Khama's poverty projects fail

SHARE   |   Sunday, 31 August 2014   |   By Staff Writer

Poverty eradication strategies introduced by president, Ian Khama after taking office in 2008 have been dismissed as total failure by some insiders at government enclave. 

The poverty eradication program is headed by Dr Mothibi at Office of the President. To drive the program, the Poverty Eradication Coordinating Unit (PECU) was set up to oversee implementation of the poverty eradication projects around the country, which reports progress to cabinet every two weeks. PECU is made up of representatives from the ministries of local government;  agriculture; labour and home affairs; and  environment, wildlife and tourism.

A member of PECU tells The Patriot on Sunday that at inception, the poverty eradication program was centred on backyard gardens. She said most backyard gardens have failed because: beneficiaries were not properly assessed (failed to check if people who wanted to benefit had any interest in backyard gardens); market survey not properly investigated...the beneficiaries could be grouped together to produce on a commercial scale because production in small gardens cannot meet the costs incurred e.g. of water bills.

In the current report, the Auditor General found the stores accounting as laid down in Supplies Regulations and Procedures practically non-existent, in all centres his office visited. The centres are responsible for the implementation of backyard gardens as part of the poverty eradication programme under the ministry of agriculture's department of crop production. The auditor general found that the non-existence of proper accounting procedures creates losses through dishonesty or otherwise, without detection or notice.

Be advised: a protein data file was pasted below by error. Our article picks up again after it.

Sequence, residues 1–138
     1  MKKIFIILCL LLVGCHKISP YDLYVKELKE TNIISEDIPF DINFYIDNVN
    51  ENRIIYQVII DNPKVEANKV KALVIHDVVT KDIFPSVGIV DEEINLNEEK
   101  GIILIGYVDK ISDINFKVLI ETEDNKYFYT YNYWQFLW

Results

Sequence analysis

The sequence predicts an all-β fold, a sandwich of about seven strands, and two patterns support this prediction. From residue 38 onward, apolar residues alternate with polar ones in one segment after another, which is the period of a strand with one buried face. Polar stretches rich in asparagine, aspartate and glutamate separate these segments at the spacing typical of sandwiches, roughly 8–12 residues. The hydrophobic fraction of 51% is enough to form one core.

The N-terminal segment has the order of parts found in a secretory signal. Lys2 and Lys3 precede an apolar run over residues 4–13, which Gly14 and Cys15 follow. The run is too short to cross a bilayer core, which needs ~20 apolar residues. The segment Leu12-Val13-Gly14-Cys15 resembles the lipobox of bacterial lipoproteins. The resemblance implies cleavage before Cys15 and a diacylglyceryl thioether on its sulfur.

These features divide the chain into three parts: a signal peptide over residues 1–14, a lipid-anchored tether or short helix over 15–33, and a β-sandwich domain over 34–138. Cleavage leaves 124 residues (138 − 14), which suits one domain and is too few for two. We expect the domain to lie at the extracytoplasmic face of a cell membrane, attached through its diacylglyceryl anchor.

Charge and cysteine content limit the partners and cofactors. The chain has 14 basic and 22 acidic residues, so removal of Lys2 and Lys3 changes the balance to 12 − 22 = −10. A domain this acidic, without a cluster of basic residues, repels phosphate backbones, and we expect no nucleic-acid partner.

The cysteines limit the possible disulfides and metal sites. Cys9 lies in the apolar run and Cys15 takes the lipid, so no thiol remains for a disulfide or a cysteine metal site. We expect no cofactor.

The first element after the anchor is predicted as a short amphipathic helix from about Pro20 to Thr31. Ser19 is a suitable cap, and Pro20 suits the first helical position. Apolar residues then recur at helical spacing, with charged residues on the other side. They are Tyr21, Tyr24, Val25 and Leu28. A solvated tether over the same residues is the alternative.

The purchase of all backyard garden materials is done centrally at ministry headquarters for deliveries to various centres thorughout the country, without so mucb as advice to the cnetres of the materials and quantities that they should expect to receive, the report reads. Over-purchasing was common in the centres, with large stocks of materials beyond requirement. For example, at Palapye gumpoles were estimated at over 3 000, wheel barrows 250, shade nets 153 and gutters 439. On receipt of the materials the centres do not raise any accounting records to record the quantities received and maintain the balance of each item of stores at any point in time. "There are large stocks of the various materials for these projects, comprising 5 000 litre water tanks and accessories, water pipes, galvanised fence wire, spades, rakes, wheelbarrows, corner poles, gumpoles, and so on. Unless steps are taken to introduce proper accounting procedures for these stores, the management of these stores is liley to go completely out of hand, leading to losses and issues of misuse and abuse," the auditor general warned.

Some PECU members suggest that packages in the poverty eradication programmes should have been designed based on the needs of people in different geographical locations. Government has since introduced alternative packages in the poverty eradication program to augment backyard gardens. These include catering, tent hire, kiosk, saloon, textile, bakery and others.